To me, she never died. I've written about this before, but I will revisit that day. 
It was a Sunday night and my Uncle Gilbert and Aunt Christine Lewis and their six daughters were coming over for dinner that night and my parents and Uncle Gilbert and Aunt Christine would play canasta after dinner. This was such a part of my childhood, when those cards came out, all of us kids were excited because it meant hours of unsupervised play!  

I also have several memories of us watching The Wizard of Oz together. The memory that stands out the most is when they received their first color television set and Aunt Christine tried to adjust the color settings at the beginning because she KNEW this film was in color! 
I was so exasperated! Especially when the colors came on and they were distorted. 
Well back to June 22nd, 1969...the Lewis clan arrived at our home on Highway 544 in Conway, South Carolina for supper, canasta, and childhood frolic. I was eight years old. As soon as Patsy, the third in line of the girls, also my age, jumped out of the car, the first thing she blurts out is that Dorothy has died! I couldn't make heads or tails out of the fact that she was telling me that Judy Garland had died. Our three networks were not giving enough information for my satisfaction but I was obsessed on finding out how Judy Garland tied in with Dorothy Gale.
The next day, my dad dropped me off at Hazel Elvington's. She was baby sitting us that summer. Her son, Andy, was the real live Wicked Witch. 
He bullied and tortured me mercilessly! When I complained to my dad, I was simply told to fight back.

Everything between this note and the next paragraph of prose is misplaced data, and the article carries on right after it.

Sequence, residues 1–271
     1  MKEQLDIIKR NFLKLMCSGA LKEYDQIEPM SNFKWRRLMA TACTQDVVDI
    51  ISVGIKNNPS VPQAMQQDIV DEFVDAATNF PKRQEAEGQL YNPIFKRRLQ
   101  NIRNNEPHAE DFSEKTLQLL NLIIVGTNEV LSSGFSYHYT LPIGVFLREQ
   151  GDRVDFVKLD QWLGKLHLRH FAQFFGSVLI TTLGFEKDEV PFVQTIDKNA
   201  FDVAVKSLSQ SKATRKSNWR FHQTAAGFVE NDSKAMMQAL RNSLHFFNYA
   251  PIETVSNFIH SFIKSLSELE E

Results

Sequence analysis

Well, the next morning, when we were dropped off, I asked Miss Hazel, as we called her, if she had the newspapers from the day before. 
She asked why and when I told her that I wanted to really find out if Dorothy had died, she helped me go through the papers. 
When we found the papers, I remember feeling numb. What did this mean? Would I never see The Wizard of Oz again? Would they stop showing it out of respect for her? I obsessed over this that day. I went home that night and broke down in our kitchen hysterically crying! Little did I know that I was not alone! That pain was real and was felt in New York on such a level that I will discuss in my next blog.
My mom yelled at me that I was crazy and that I didn't even know this woman!
Well, I was going to find out who she was. The earliest TV images I remember are several of the "concert" shows from her TV series started airing on late night television. I was two when the series ran and therefore missed those shows during their initial run. I also remember seeing Jim Bailey performing as Judy on the Ed Sullivan and Marilyn Michaels on the Kopykats. I also remember seeing the Sixty Minutes segment on Judy.
Then the books started pouring out. To be continued...
Thank you to all who paved the way for me and for the gifts they have given to the world and continue to give!

With grateful XOXOXs ,

 



 

Check out my site celebrating the legacy of Jerry Herman's Hello, Dolly!

NO COPYRIGHT INFRINGEMENT INTENDED.  FOR ENTERTAINMENT PURPOSES ONLY!


Please do what YOU can to be more aware that words and actions DO HURT...but they can also heal and help!                
Garland with Tony Bennett in episode 5. Garland would shortly be instructed to stop touching her guests.

Here's to an INCREDIBLE tomorrow for ALL...with NO challenges!
Barbra Streisand Appears on Judy Garland's Variety Show (October 6, 1963)
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TILL TOMORROW...HERE'S TO AN ARTS FILLED DAY


Richard Skipper, Richard@RichardSkipper.com
Julie Budd I'm Always Chasing Rainbows

















4 comments:

  1. Oh, Richard, this was wonderfully expressed.

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  2. Always interesting your blog.

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  3. A few years ago, I went through about a year of not sleeping more than an hour or two a night, and some nights, I couldn't fall asleep at all. Then, I discovered that I could watch The Wizard of Oz and could often drift off to sleep (but not always). One night I couldn't get to sleep at all, and watched The Wizard of Oz five times in a row without stopping. Is that a record???